‘Fat shaming’ plays ugly role in medicine’s failing campaign to treat obesity
The medical establishment needs to take a hard, long look at its failing efforts to combat obesity and overweight, conditions that now affect just under 40 percent of American adults (93.3 million people) and 20 percent of youngsters (13.7 million) in the U.S.
That’s because doctors and medical scientists have “ignored mountains of evidence to wage a cruel and futile war on fat people, poisoning public perception and ruining millions of lives,” Michael Hobbes has reported in a long, strong story on the Huffington Post.
Hobbes has marshaled an array of available data to wag an unhappy finger at U.S. society, acting on conventional medical wisdom, for blaming and shaming those who are overweight or obese, contending that they lack self-control, discipline, and the personal fortitude to deal with what he says is clearly an uncontrolled medical and public health menace.
“Fat shaming,” including doctors’ stern but ineffective demands that patients simply eat less and exercise more, fails to address the wider and deeper dietary and nutritional mess that prevails, not only in America but also globally, Hobbes says. He notes that no nation on the planet has yet found a way to reduce among its people the growing health harms — heart disease, cancers and others — caused by overweight and obesity.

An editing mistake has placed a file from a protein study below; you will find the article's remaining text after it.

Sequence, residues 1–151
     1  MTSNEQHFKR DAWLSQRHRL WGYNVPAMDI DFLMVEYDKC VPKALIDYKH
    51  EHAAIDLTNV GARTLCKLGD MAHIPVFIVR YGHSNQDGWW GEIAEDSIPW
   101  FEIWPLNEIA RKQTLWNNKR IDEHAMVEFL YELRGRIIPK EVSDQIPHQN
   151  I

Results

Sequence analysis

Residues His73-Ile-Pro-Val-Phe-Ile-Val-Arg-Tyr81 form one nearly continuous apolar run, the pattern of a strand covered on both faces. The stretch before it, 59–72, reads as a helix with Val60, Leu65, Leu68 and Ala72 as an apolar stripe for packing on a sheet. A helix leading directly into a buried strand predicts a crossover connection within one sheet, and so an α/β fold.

Hobbes, who syas he never has worked on a story in which so many sources spent to much time in tears recounting their harsh and derogatory treatment, reported that doctors’ responses to the overweight and obese display a bias that would be unacceptable with any other group:
Doctors have shorter appointments with fat patients and show less emotional rapport in the minutes they do have. Negative words— “non-compliant,” “overindulgent,” “weak willed”—pop up in their medical histories with higher frequency. In one study, researchers presented doctors with case histories of patients suffering from migraines. With everything else being equal, the doctors reported that the patients who were also classified as fat had a worse attitude and were less likely to follow their advice. And that’s when they see fat patients at all: In 2011, the Sun-Sentinel polled OB-GYNs in South Florida and discovered that 14 percent had barred all new patients weighing more than 200 pounds.
With the Huffington Post’s powerful visual display of his story, including positive photographs and the showing of hard numbers — including “.008 … chances of a woman classified as obese achieving a ‘normal’ weight — Hobbes wrote that doctors and researchers, after decades of work, know that:
[D]iets do not work. Not just paleo or Atkins or Weight Watchers or Goop, but all diets. Since 1959, research has shown that 95 to 98 percent of attempts to lose weight fail and that two-thirds of dieters gain back more than they lost. The reasons are biological and irreversible. As early as 1969, research showed that losing just 3 percent of your body weight resulted in a 17 percent slowdown in your metabolism—a body-wide starvation response that blasts you with hunger hormones and drops your internal temperature until you rise back to your highest weight. Keeping weight off means fighting your body’s energy-regulation system and battling hunger all day, every day, for the rest of your life.